Peter's Physics Pages

Bridging Course - Lecture 2 (acceleration and speed)

The techniques of finding slopes (how quickly something changes in time or space) and finding areas (the effect of something through time or space) will now be extended to speed and acceleration.

In this lecture the following are introduced:
• Average and instantaneous acceleration
• Speed vs time graph to acceleration vs time graph
• Acceleration vs time graph to speed vs time graph
• Constant acceleration graphs and equations

Definition of average acceleration This will have the S.I. unit of m.s-2. Definition of instantaneous acceleration

 The instantaneous acceleration is the slope of the tangent to a speed vs time graph at a particular time. By working out the slopes at every point on a speed vs time graph, we can construct the corresponding instantaneous acceleration vs time graph. Instantaneous acceleration and the speed vs time graph At t1 the acceleration is low. At t2 the acceleration is large. At t3 the acceleration is zero and the speed is constant (but not zero). At t4 there is a reduction in speed.

Finding the speed vs time graph from the acceleration vs time graph.

The area under the acceleration vs time graph gives the effect of acceleration through time, i.e. it give the speed change.

Example 5
An object accelerates from zero speed at its origin and at a constant rate of 3 m.s-2. Find the speed and position as functions of time while it continues at this rate. A change in a quantity is signalled by a triangle Δ which is really "Delta", the capital "D" in Greek. The area under the acceleration vs time graph gives the effect of acceleration through time, which is a speed change and written as Δv. Δv = final speed - initial speed = v - v0 = 3t This is the length of the vertical arrow at time t on the speed vs time graph. The speed at any time is given by v = v0 + 3t but the intial speed is zero, so v = 3t The change in position will be the effect of speed through time, i.e. the triangular area on the speed vs time graph. Δx = final position - initial position = ½×t×3t = 1.5·t2. but the initial position is zero, so x = 1.5·t2.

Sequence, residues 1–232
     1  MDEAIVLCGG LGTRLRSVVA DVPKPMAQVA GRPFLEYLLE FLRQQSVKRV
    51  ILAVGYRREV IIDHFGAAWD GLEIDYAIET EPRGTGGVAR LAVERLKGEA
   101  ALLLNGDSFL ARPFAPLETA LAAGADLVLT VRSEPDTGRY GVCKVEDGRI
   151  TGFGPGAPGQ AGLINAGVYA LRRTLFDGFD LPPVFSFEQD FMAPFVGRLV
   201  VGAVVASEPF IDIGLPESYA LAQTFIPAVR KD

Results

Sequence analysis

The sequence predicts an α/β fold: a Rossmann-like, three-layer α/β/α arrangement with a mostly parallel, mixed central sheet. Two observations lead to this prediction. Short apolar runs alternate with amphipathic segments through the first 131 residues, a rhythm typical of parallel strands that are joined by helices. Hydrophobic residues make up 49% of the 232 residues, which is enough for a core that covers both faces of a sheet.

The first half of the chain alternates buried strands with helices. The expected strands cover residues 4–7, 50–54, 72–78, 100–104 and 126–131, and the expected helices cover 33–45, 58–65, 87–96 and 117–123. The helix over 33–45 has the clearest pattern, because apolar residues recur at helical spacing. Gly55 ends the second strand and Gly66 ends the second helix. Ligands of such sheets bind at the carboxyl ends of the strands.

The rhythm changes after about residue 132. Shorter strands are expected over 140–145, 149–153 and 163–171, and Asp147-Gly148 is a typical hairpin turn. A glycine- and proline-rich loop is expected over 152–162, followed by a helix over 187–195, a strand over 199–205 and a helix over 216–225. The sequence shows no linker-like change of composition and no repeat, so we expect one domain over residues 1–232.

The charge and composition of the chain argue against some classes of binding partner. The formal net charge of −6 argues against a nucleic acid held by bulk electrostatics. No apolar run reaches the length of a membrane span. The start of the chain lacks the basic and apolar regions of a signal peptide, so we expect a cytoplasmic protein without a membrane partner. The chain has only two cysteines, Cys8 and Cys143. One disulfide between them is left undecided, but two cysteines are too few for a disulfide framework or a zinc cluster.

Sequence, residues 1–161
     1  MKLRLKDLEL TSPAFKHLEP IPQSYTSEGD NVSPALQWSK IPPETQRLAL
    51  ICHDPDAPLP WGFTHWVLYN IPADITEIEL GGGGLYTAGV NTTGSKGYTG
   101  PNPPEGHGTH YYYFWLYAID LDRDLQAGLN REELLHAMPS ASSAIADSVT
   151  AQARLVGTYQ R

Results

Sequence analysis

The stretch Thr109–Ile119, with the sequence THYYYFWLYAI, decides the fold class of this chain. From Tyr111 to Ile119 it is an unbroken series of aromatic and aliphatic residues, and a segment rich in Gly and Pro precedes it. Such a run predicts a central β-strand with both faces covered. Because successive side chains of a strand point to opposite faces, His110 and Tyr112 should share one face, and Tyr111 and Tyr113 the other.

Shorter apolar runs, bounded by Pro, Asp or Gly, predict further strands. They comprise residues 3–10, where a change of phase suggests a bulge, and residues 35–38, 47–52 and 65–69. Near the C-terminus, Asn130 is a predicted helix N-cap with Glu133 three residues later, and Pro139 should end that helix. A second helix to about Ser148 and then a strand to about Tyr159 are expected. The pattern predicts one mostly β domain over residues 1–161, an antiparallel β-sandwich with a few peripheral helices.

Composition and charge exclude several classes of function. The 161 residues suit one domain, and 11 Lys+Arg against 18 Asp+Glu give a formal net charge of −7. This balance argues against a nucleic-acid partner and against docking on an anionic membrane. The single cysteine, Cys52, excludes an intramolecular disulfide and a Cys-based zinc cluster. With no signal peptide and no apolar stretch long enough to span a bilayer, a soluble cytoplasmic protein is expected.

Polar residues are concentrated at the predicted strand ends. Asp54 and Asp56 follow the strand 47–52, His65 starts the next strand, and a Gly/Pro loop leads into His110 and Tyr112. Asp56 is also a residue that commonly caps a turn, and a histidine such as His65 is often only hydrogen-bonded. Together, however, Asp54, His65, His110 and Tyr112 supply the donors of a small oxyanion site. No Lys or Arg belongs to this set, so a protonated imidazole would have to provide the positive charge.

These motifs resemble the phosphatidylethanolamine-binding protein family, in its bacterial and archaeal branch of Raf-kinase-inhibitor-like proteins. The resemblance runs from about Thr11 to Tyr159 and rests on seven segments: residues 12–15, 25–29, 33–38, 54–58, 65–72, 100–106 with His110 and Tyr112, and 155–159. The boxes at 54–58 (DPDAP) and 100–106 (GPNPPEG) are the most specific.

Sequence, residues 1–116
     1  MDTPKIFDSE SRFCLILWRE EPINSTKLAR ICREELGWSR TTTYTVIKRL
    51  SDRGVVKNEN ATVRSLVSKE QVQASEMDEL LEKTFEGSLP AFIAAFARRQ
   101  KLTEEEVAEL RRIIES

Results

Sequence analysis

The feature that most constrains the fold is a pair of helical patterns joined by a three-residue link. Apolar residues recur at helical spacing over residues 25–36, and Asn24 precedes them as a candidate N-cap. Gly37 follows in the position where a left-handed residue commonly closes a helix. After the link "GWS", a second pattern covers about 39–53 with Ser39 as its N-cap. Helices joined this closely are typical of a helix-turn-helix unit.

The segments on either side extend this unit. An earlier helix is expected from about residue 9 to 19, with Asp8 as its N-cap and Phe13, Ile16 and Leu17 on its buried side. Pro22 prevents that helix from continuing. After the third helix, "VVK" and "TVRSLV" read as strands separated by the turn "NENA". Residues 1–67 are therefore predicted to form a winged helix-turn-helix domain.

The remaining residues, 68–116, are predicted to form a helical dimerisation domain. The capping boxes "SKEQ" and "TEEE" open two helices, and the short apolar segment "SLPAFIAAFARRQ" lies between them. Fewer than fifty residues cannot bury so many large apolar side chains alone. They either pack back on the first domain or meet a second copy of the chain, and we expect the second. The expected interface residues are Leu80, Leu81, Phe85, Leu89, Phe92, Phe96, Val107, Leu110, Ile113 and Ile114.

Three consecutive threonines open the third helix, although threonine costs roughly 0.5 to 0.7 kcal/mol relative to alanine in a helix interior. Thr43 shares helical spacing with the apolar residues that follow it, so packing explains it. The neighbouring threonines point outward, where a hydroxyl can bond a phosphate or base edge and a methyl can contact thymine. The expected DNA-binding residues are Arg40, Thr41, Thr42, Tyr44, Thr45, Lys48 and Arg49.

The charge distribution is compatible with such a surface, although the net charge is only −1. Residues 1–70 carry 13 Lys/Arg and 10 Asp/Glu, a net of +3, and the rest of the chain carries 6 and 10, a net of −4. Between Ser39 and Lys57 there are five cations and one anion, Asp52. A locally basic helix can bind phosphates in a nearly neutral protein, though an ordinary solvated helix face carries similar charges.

Position-Speed-Acceleration graphs summary. The blue slope line on the position vs time graph gives the instantaneous speed which is the blue vertical arrow in the speed vs time graph below it. The curvey blue line of the speed vs time graph comes from all the slopes in the graph above it. The black slope line on the speed vs time graph gives the instantaneous acceleration which is the vertical black arrow in the acceleration vs time graph below it. The curvey blue line of the acceleration vs time graph comes from all the slopes in the graph above it. The green area under the acceleration vs time graph gives the change in speed, which is the green vertical arrow in the speed vs time graph above it. The red area under the speed vs time graph gives the change in position, which is the red vertical arrow in the position vs time graph above it.

Example 6
A car is at its origin at time t=0s. It then has a speed given by v = 5 + 10t m.s-1. Find the acceleration and position at 3s.

 The speed vs time graph is:  The rectangle represents the change in position that would have occured if the car continued at its initial speed.
The triangle represents the additional distance that was added by the acceleration.
Since the car started from the origin, the final position is simply the change in position.

Constant acceleration graphs and equations

When a body has constant acceleration "a", the following applies. Constant acceleration under gravity

The Earth's force of gravity pulls mass towards it centre. Near the earth's surface, gravity causes masses to accelerate downwards with a constant value of 9.8 m.s-2. Using "g" as the symbol for this uniform acceleration, the following applies. Summarising:  Instantaneous positions, speeds and accelerations. When a body has constant acceleration "a", the following applies.  email Write me a note if you found this useful

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